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New You New Years: Changing Your Salt
Why You Need More Salt!
Salt is often touted at something we all need to reduce in our diets. High salt consumption is blamed for a whole host of diseases like hypertension and heart disease. But new research shows that this isn’t the case! Salt is really a healthy food for our diets and is essential for our bodies! Along with other trace minerals like magnesium, salt contains sodium and chloride which are necessary for our body.
Natural salt is not something new to our diets. Salt is mentioned in the bible nearly 50 times! In traditional cultures salt was used to preserve food and could even be used as currency. Salt is still as important now as it was then.
How Salt Works in our Body
Salt is a main component of blood plasma, amniotic fluid, lymphatic fluid and extra cellular fluid. It carries nutrients in and out of our cells. Salt is needed for firing the neurons in our brains and helps with creative thinking. It also helps maintain proper blood pressure and supports your adrenal glands (most adults are experiencing adrenal fatigue).
Salt is also important to help us digest our food. It helps in the production of hydrochloric acid in the stomach. It also activates amylase which helps break down starches.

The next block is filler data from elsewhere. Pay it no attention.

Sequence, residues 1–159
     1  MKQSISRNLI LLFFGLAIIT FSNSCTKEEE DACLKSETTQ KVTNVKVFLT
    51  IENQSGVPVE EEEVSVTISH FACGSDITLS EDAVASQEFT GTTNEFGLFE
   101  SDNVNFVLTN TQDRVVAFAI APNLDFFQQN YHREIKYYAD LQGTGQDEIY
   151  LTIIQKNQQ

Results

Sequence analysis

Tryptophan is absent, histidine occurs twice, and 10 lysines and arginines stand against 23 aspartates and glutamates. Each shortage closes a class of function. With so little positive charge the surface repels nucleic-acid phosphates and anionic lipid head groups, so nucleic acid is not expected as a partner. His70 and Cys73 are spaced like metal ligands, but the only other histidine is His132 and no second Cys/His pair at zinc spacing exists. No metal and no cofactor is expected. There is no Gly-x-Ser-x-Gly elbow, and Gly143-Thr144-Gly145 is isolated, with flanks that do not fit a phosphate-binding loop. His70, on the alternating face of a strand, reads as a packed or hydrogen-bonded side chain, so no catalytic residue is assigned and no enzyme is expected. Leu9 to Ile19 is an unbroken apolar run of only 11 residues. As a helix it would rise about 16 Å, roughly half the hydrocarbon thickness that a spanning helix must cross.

New evidence shows that salt may not even cause heart disease. There was actually data showing that a low salt diet increased your likelihood of dying. The study showed the least likely to die were people having high salt in their diets. Interesting!
Salt is needed for proper adrenal function
Adrenal Fatigue is so common these days. Feeling sluggish, not able to get out of bed in the mornings, dealing with insomnia, craving salt? You may have adrenal fatigue. One way to combat adrenal fatigue is to feed your adrenal glands with sea salt! Your body naturally wants to heal itself with a salty craving – so feed it wisely.
Dr. Mercola shares that you need to maintain proper salt to potassium ratio because the imbalance can lead to hypertension, cataracts, stomach ulcers, kidney stones, memory decline, osteoporosis, and rheumatoid arthritis. Potassium is also needed for proper blood pressure and a deficit could lead to hypertension as well. You also need potassium for electrolyte balance.
To help keep this salt to potassium ratio in balance, you can include these foods that contain high amounts of potassium in your diet: sweet potatoes, beans, tomatoes, yogurt, prunes, fish, winter squash and bananas.
Choose your salt wisely
Not all salt is created equal. Traditional table salt isn’t healthy due to its refined nature and is as unhealthy as processed sugar. Processed table salt contains man made chemicals and lacks the important minerals that natural sea salt and pink Himalayan salt provide.
Most Americans receive most of their salt through prepackaged, processed foods. Your salt intake should NOT be coming from these processed foods. When you cook and make your own meals and snacks, you can be guaranteed of your salt quality and other ingredients without the added preservatives and sugar which may be the cause of heart disease.
How much salt do you eat? What kind of salt do you like? Leave me a comment! Join the discussion.
This post is linked up at Wellness Wednesdays. and Simple Saturdays
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